Elephants are fairly placid except when threatened or when males enter a rut-like condition known as musth. When alarmed they trumpet and flap their ears and then crash off into the bush. Asian elephants are afraid of thunderstorms. When there is thunder and lightning they hide under trees.
Elephants charge when threatened. Most of the time the charges are mock charges. But not always. If an elephant stiffens its ears and fans them out in a threatening manner and snorts that usually means it is going to charge. Some elephant are disturbed by loud noises. Motorist are told not to honk at elephants because this sometimes upsets them enough to make them charge. Some elephants have been observed making threatening gestures at planes 1000 feet in the air.
Wild elephant spend much of their time eating grass, tree bark and sugar cane and scratching for water supplies to drink and bath and wallow in. Elephants sleep while standing up. You can tell when they sleeping; they curl up their trunk between their legs. They sometimes like to sleep in the roads because they retain heat better than the jungle. Asian elephants. enjoy rubbing against trees.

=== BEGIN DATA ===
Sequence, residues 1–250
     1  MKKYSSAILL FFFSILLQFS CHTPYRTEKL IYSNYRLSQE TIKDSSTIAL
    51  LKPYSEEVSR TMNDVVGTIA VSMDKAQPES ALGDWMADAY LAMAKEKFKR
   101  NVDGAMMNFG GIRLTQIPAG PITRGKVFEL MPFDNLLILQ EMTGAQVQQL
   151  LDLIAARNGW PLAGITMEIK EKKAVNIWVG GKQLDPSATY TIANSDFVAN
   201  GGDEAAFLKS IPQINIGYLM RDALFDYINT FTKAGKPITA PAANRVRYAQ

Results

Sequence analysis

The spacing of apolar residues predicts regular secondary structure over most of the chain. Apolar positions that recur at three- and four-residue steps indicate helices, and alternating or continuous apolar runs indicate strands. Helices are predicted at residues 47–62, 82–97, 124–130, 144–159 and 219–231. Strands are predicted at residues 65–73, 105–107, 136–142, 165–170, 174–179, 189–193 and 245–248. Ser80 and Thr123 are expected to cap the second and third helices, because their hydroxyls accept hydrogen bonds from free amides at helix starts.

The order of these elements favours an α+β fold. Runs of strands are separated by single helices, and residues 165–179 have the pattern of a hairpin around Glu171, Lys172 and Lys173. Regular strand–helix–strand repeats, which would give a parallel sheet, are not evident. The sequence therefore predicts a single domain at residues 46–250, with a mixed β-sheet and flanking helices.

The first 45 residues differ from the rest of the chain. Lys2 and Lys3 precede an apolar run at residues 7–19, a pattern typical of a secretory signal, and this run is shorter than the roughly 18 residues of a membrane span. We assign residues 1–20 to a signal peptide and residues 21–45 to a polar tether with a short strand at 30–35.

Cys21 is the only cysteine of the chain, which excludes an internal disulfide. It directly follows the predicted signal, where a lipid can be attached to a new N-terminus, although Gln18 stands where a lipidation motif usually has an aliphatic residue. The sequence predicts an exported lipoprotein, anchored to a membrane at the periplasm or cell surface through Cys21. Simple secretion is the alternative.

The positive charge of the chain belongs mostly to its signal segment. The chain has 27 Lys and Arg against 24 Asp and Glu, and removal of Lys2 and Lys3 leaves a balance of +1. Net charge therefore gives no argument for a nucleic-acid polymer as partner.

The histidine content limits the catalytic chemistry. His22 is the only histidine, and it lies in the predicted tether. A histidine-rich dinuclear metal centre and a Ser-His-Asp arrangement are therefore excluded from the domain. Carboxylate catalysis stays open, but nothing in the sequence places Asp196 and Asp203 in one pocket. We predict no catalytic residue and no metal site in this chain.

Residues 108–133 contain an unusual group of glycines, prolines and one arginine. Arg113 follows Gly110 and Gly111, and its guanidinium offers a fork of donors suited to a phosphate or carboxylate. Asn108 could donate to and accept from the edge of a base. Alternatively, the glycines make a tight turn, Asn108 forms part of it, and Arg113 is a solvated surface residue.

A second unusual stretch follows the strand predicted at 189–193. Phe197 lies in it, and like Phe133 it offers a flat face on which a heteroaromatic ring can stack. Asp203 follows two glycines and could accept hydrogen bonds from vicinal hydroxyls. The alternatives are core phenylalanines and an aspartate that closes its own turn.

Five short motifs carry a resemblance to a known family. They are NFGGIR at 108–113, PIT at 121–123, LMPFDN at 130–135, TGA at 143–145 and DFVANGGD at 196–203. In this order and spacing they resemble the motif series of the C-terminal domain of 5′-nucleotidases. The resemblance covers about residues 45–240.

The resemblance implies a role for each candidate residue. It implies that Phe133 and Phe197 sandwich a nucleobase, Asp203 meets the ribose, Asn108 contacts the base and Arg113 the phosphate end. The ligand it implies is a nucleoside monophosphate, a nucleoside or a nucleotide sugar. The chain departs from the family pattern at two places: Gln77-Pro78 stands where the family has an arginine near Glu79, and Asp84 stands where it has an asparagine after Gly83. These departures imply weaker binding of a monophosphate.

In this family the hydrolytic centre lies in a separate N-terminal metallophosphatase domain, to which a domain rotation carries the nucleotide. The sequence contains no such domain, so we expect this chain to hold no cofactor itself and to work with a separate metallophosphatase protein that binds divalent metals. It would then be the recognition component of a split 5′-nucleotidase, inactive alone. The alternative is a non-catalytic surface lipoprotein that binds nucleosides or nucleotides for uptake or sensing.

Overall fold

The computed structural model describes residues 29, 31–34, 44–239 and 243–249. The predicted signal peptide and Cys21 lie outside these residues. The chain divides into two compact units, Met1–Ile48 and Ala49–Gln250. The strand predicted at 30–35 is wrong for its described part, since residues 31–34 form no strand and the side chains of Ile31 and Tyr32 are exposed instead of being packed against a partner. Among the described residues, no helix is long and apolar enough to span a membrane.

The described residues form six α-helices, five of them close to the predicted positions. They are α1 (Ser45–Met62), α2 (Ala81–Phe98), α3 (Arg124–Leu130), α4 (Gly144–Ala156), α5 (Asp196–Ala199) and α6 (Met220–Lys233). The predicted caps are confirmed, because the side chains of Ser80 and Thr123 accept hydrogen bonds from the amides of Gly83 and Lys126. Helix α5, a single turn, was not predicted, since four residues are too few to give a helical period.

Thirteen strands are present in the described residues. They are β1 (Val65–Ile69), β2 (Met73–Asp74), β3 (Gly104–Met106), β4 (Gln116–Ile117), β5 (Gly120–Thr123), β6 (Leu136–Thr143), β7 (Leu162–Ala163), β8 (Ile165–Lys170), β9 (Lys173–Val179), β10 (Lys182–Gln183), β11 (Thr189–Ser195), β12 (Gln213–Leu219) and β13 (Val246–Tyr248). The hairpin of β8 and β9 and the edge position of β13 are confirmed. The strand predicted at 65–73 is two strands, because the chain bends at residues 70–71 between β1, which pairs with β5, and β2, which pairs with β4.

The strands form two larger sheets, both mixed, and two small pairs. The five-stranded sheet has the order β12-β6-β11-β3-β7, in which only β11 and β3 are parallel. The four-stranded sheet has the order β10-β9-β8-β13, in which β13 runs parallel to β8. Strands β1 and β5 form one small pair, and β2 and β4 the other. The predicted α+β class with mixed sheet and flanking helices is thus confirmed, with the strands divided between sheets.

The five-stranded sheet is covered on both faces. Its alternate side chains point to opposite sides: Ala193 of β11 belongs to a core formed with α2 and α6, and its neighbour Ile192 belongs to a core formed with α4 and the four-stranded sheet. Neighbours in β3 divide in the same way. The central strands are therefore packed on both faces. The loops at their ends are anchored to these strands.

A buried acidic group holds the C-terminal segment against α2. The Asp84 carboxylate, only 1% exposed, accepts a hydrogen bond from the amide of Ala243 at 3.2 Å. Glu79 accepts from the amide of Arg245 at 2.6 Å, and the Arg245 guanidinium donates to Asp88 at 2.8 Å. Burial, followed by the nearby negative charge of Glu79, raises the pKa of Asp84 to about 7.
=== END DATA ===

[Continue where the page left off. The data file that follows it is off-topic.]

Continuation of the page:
Elephants sometimes shed tears when stressed and have been observed grabbing ivory bracelets from tourist. Some elephants have take rubber tires as a toy and cry of it is taken away.
Elephants have the largest brain of any land animals The size of an elephant's brain at birth is about the same as a human infant.
Elephant expert Cynthia Moss told the Los Angeles Times, “We're trying to study cognition, but it is very difficult. The elephants are afraid of certain people who spear them, such as the Masai. The next tribe over is the Akamba, and they don't spear. (The researchers had a member of each tribe wear a T-shirt for four days.) Then they would put one of these shirts out on the trail in front of the elephants and see what the response was. Inevitably, they would become alarmed if they came upon the Masai shirt, but not if they came upon the Akamba shirt. Also, colors. The Masai wear red, so they tried red and white T-shirts with no smell, and definitely the red shirt elicited an aggressive response. [Source: Thomas H. Maugh II, Los Angeles Times, July 19, 2010]